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National and State Registers of Historic Places

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County: Sedgwick
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Page 2 of 16 showing 10 records of 151 total, starting on record 11
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Battin Apartments Historic District

Picture of property 1700 S Elpyco
Wichita (Sedgwick County)
Listed in National Register Jul 3, 2012

Architect: Metz, George
Area of Significance: multiple dwelling
Architectural Style(s): Colonial Revival; Modern Movement; Other

The Battin Apartments Historic District includes 26 multi-family apartment buildings developed in 1949 by Ray Garvey and his son Willard of Builders, Incorporated. The firm specialized in constructing affordable housing in Wichita during the booming post-World War II era. They closely followed the requirements mandated by the Federal Housing Administration that involved appropriate location, access to commercial services, access to bus and automobile routes, local zoning and siting requirements, and street design. The firm hired architect George Metz, who used a standard apartment plan for all the apartment buildings within the Battin complex. The buildings are one-and-a-half stories with modest Ranch and Colonial Revival characteristics. A landscaped setting provides continuity for the buildings that are interconnected by sidewalks and a central thoroughfare that allows vehicular access to all buildings. The result is a cohesive designed residential development representative of the post-war period in Wichita. The district is nominated for its local significance in the areas of community planning and development, government, and architecture.

Belmont Arches

Picture of property Located on Belmont at the Central and Douglas intersections
Wichita (Sedgwick County)
Listed in National Register Apr 18, 2007

Architect: Charles Ellis
Area of Significance: monument/marker
Architectural Style(s): Classical Revival; Late 19th and 20th Century Revivals

Located in the city right of way at the intersections of Belmont, Central, and Douglas, the Belmont Arches (ca 1925) are free-standing Classical Revival piers connected with wrought iron arches. Each set of arches is comprised of four freestanding piers that are nominated for their association with electrification of Wichita as the first residential "White Way" in the city. The arches are also nominated as a great example of a Classical Revival style triumphal entryway and for an association with the architect Charles Ellis and prominent Wichita builder George Siedhoff.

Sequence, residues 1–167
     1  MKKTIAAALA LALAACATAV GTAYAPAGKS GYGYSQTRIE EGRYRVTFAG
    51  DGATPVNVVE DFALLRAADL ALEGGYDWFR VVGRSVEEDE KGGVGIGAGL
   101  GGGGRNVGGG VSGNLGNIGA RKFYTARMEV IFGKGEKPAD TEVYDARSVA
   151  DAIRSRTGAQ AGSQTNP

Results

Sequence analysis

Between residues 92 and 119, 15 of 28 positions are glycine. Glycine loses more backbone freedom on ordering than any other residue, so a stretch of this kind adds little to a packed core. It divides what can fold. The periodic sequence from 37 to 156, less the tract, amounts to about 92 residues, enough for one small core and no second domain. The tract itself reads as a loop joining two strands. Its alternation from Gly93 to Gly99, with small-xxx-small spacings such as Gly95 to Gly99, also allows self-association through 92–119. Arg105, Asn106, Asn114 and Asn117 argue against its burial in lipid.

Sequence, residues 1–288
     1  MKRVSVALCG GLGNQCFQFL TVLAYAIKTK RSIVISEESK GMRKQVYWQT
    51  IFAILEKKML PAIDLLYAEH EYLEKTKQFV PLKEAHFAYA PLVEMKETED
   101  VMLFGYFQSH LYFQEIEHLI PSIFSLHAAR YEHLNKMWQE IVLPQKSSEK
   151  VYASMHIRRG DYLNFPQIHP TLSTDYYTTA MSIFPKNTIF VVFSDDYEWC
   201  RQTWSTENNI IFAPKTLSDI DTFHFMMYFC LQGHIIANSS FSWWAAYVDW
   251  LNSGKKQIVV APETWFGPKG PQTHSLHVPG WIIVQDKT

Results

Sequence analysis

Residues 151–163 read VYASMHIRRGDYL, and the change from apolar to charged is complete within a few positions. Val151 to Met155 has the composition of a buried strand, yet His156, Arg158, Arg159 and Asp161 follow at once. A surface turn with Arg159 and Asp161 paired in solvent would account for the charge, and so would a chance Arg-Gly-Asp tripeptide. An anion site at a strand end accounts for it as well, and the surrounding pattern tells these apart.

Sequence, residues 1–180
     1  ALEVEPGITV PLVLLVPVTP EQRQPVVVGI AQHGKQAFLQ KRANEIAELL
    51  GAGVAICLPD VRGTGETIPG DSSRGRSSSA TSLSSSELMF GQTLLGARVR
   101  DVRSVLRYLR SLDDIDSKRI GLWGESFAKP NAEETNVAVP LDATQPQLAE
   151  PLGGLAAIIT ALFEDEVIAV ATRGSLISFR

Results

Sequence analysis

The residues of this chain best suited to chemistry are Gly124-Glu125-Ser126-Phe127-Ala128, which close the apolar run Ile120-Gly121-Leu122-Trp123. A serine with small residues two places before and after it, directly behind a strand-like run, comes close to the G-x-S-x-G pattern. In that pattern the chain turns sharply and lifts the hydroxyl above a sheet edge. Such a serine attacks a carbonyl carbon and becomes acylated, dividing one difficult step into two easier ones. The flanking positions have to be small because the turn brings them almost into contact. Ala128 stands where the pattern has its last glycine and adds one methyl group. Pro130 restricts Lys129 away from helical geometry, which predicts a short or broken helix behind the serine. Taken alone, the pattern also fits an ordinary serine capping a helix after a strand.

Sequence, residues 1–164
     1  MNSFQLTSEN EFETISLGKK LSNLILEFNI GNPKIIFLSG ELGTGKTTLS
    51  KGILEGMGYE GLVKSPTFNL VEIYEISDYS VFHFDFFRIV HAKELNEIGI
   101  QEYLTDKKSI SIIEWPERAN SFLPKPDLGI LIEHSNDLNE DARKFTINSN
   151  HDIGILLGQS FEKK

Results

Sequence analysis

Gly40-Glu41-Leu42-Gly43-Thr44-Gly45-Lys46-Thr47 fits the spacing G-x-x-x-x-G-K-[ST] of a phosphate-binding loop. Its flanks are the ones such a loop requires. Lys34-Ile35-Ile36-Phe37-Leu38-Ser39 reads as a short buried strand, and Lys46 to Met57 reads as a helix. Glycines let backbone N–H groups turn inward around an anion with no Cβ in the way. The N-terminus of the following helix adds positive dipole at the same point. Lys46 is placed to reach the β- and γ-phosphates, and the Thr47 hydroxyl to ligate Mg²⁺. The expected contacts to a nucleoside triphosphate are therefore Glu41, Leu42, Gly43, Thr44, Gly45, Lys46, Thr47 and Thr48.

Bitting Building

Picture of property 107 N Market
Wichita (Sedgwick County)
Listed in National Register Feb 28, 2012

Architect: Undetermined
Area of Significance: commerce
Architectural Style(s): Chicago

The Bitting Building was constructed as a four-story building in 1912, and seven stories were added in 1919. A. W. and C. W. Bitting were known throughout the Midwest as successful merchants and real estate entrepreneurs. They established a men's clothing store in a two-story wood-frame building at this location in 1878 and in 1886 relocated the building to make way for a four-story brick structure. That building was razed in 1911 to make way for a new four-story building in 1912 from which they did business and leased office and retail space. The Bitting brothers maintained offices in the building until their deaths in the early 1930s. The property changed hands several times was completely renovated in 1959. Exterior changes included the installation of aluminum-framed windows and storefronts, the installation of black granite panels at the base of the building, and replacement of the cornice and belt course with aluminum panels. The interior was again renovated in the 1980s. It is nominated for its commercial significance.